One Child Nation is a study of:
–the capacity to dehumanize that comes from believing dehumanization is necessary for the Greater Good.
–the humanities’ role in the dehumanization process (such as: propaganda).
–how, in response, the humanities can study the face of dehumanization, by recording the dehumanizers, the dehumanized, and the complicit (three descriptors that are by no means mutually exclusive).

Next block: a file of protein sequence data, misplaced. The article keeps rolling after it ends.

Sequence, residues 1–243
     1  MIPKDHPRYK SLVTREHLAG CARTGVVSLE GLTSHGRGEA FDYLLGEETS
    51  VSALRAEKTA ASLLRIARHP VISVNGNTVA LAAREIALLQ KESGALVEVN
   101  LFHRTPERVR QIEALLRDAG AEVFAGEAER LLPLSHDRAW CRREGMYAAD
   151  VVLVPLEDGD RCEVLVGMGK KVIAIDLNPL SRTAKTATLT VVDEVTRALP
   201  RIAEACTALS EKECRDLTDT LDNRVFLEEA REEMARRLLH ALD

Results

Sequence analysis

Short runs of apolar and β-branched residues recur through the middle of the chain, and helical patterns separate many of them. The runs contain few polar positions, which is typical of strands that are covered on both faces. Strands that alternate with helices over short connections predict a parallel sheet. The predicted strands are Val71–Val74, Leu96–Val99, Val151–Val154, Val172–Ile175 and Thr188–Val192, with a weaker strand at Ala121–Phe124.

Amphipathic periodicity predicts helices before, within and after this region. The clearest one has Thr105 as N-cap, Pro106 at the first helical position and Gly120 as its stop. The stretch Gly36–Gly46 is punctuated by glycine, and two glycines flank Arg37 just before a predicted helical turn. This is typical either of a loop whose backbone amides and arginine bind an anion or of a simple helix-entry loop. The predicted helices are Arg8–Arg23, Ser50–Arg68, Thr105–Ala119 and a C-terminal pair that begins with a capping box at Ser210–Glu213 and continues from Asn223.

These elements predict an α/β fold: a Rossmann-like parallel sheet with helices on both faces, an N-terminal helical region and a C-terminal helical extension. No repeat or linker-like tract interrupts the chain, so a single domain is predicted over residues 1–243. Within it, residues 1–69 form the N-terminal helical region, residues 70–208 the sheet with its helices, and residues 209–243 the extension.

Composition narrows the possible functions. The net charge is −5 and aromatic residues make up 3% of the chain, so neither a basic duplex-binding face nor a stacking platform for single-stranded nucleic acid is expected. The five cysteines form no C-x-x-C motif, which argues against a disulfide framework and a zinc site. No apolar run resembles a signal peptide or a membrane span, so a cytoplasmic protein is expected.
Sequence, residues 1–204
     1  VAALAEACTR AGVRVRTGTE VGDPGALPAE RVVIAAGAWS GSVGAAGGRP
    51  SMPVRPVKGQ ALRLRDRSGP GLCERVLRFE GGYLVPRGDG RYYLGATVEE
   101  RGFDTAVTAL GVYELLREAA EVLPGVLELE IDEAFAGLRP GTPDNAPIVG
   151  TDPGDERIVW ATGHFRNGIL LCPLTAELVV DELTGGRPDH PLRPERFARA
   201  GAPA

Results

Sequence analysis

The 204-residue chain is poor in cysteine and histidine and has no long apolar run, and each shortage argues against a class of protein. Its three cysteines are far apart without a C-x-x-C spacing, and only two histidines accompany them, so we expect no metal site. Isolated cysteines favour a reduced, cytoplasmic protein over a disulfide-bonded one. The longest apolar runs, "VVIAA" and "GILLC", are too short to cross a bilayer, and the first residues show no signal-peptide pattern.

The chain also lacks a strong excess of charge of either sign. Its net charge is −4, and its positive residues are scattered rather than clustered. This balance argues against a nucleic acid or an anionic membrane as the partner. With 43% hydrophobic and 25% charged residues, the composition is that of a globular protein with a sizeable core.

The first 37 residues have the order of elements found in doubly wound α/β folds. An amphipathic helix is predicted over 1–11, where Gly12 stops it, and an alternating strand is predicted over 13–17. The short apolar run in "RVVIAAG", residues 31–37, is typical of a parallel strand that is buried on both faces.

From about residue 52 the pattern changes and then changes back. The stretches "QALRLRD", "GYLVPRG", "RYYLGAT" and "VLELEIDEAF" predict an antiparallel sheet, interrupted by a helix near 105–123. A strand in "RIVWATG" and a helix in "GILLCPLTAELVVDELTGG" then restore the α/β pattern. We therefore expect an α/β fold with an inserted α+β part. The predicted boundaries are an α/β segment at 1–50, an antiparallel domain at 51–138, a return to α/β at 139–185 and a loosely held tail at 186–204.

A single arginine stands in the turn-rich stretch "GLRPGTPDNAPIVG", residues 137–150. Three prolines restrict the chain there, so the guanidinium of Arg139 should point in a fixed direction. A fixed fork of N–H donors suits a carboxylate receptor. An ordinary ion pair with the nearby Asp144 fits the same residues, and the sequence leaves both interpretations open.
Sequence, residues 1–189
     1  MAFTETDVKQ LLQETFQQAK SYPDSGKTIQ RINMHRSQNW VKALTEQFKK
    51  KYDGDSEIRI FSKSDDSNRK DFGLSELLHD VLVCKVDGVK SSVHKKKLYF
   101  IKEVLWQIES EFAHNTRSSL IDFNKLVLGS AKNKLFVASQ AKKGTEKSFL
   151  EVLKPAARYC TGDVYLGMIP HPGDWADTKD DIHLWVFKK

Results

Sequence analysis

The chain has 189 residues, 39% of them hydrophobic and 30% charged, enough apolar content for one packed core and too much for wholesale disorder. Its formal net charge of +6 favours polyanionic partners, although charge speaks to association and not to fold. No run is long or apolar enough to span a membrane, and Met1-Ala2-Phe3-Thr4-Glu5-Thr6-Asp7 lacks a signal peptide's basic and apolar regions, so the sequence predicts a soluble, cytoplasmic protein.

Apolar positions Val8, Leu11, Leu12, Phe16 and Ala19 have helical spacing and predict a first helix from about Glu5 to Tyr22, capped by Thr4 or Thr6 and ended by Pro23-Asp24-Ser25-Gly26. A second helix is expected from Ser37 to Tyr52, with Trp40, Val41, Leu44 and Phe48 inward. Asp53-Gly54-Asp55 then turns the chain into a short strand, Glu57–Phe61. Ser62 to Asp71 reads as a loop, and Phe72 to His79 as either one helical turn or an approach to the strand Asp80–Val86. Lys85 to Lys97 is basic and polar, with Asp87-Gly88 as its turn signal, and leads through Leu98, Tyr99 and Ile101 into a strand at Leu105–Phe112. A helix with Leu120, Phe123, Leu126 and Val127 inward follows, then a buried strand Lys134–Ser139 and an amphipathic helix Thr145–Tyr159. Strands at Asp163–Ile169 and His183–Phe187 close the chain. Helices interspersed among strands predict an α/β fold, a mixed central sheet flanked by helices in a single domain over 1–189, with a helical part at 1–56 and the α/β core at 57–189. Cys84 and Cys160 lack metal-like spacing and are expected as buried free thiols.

Like Tel Aviv on Fire and I Do Not Care If We Go Down in History as Barbarians, One Child Nation does not divorce divest itself from its subject; we catch glimpses on screen of the filmmaker in the act of filming (like when she’s reflected in mirrors), an acknowledgment of her –and her camera’s — role, personally and politically, in shaping — and being shaped by — the visage(s) of dehumanization.
Unlike The Edge of Democracy, One Child Nation plumbs the political through the personal, presenting a sprawling portrait of a sociopolitical issues’ interconnected web propped up by systematic mechanizations.